Wednesday, August 18, 2010

Writer, Valerie Laken, in her story, “Separate Kingdoms,” describe a family subjected to a tragedy and in search of a relationship that could make them whole. Colt [father], took short cuts to complete a project at his job, only to loose his thumbs to a cutting machine. His boss and lawyer sideswipe his attempt to convince Cheri [wife], his accident was unintentional. Because of this event, the family struggles with isolation and a search for common ground. Laken’s conveys the impression that, despite tragedies which may befall us in life; being able to reach beyond the borders of your kingdom, in hopes of making a connection, may be the ultimate choice that could pull a family closer and create a stronger relationship. The story is written in split columns to contrast Colt’s perspective and his son Jack’s perspective, describing Colt’s desire to integrate in the animal kingdom and while Jack maintains his sanity within the human kingdom. Column bridges support different vantage points unveiling boundaries set by each family member, in search of a connection and a better life for themselves.

Laken contrasts thoughts of a better life and isolation within Colt’s family. “We’d be done with it. Right now. No hassles. Pay off the house and still have a chunk of money”(9). “Tell me, Colt really. What is your plan after that? How long do you think $200,000 will last?” (9). When Colt and Cheri argue, it sends Jack hurtling away to a
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different world, a world without arguments and yelling, a place where his family is closely connected doing things together. Colt, lost in his own world, prevents Jack from getting close enough to share his. Jack realizes how critical Colt’s decision is, and how it could have a positive affect on their future, bringing them closer together. “We could be like those people who take pictures of themselves and hang them up on the walls. If he got that money, we could do all those things, maybe more. It seems like such an easy thing to explain” (16). Laken creates characters who desire a better life and money in order to show us that we all have dreams and aspirations of having a better life; believing we can only achieve this with vast amounts of money.

Laken points out how Colt is sensitive to animal life and wishes to protect their kingdom and be one of them. Colt seems to have more respect for the dogs than his own family. “You know what separates us from the animals?” “Opposable thumbs” (12). Colt’s desires to connect with the animals instead of his family became apparent to Jack after hearing his father’s statement. Any attempt Jack made to reach across his father’s borders or attempt to cross over to his father’s kingdom would be a difficult task, knowing Colt wanted to be one of them, one of those gators or sharks. Jack at this point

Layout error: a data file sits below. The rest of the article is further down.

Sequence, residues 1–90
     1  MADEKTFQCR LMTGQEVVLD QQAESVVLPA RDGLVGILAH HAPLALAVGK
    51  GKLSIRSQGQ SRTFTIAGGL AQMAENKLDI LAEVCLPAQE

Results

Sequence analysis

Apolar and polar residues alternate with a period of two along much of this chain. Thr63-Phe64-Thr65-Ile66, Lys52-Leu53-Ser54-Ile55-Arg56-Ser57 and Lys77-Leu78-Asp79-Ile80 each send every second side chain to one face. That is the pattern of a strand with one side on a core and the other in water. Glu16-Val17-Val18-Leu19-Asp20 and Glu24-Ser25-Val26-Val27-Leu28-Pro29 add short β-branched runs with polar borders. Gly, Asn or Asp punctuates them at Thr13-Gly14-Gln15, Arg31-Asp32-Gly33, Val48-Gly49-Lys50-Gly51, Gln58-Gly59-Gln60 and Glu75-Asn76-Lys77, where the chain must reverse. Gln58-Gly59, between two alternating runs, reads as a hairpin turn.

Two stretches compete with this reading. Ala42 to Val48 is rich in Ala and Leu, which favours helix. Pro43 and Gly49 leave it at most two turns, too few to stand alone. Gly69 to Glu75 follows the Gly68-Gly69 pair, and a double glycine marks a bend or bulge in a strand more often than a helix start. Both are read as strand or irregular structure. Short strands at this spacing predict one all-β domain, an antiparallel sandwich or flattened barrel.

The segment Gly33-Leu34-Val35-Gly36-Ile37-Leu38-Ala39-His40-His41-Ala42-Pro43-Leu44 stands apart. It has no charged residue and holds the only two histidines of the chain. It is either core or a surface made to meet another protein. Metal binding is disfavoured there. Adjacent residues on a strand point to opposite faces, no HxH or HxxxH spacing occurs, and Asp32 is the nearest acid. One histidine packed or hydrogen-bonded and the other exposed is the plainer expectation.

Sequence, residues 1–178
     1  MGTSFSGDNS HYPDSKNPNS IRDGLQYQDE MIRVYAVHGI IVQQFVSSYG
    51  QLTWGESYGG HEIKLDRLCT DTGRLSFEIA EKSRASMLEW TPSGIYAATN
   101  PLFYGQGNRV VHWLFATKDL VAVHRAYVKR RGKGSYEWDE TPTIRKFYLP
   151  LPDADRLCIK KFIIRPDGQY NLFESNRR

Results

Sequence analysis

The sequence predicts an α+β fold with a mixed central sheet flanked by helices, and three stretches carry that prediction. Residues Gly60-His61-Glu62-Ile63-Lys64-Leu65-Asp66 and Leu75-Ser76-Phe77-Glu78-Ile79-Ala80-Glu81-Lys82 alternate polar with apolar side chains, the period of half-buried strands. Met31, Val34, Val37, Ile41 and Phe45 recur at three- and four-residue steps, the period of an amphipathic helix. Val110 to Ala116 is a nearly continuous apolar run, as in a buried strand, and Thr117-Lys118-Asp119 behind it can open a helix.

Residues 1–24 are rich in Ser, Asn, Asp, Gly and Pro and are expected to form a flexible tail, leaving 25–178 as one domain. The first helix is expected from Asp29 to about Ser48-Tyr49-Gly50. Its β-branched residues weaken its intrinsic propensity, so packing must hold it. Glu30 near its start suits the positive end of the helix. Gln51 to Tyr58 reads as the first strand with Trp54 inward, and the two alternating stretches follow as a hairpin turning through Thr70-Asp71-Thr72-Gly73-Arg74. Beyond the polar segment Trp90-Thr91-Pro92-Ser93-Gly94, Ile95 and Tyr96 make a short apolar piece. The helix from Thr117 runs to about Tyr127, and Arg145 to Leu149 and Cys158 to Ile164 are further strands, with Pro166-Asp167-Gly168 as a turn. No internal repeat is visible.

feels the distance between he and his father growing. “What occurred to me was, he had crossed over to the other side” (12). “I know why you did it. I think I understand” (17).

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Laken makes connections between the separate kingdoms, of Colt, Cheri, and Jack. Colt, with his own self-loathing of the non-animal kingdom, easily loses himself greatly widening the divide between him and his family. “Colt wishes he’d taken the Valium, wishes he were asleep, obliterated, dropped off the edge of the planet so she could make a fresh start without him” (15). Jack, making fantasy his reality, finds his way back to his private kingdom through his video games, the only comfort that he feels keeps him sane. “I go back to the living room and start up the game again. The scientists come out of the mansion, three of them. They need me” (Jack 3-4 emphasis added). Cheri uses her exercise routine to trap herself in her kingdom, in order to detach herself from Colt’s narcissistic world. “From the top of the basement stairs I can hear my mom down there doing exercise. She’s shouting along all cheery with that creepy Tae-Bo guy, calling out all the punches” (3). Laken describes the relationship within each separate kingdom in order to reveal the choices that create the boundaries between them. In the reject room Colt sympathizing with the animals, in the living room Jack saving the scientists in a zombie world, and Cheri in the basement with her Tae-Bo.

Laken shows the dedication of Colt’s family through their action and their hope of finding a link that could bring them together again. “The money is your dad’s choice.
He’s your dad, and he has his reasons. It really doesn’t matter, the money” (17). Jack bandaged his hands suppressing his thumbs in order to attempt an understanding of what his dad was going through. He genuinely wanted to establish a relationship with his
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father, desperately in search of a connection to strengthen the bond between them. “Yesterday I tried to do everything all day without my thumbs” (Jack 17).

Valerie Laken’s story preys on our emotions as human beings, and successfully opens up the reader’s sensitivity toward family connections. Like an architect, she used the structure of with sound imagery, argumentation, and repetition to bridge the connections between characters. Laken effectively portrayed a sense of simultaneous action within each independent kingdom in order to link the thoughts and emotions of her characters. Sound imagery is used gives us a sense of pain and frustration within both kingdoms. For example, Colt’s frustrations when hearing Jack play his instruments and Jack’s pain knowing that his father did not appreciate his love for music. Laken’s piece also clearly conveys the importance of reaching beyond the borders of your own kingdom to seek personal connections that can build relationships and strengthen family bonds whatever your life circumstances may be.

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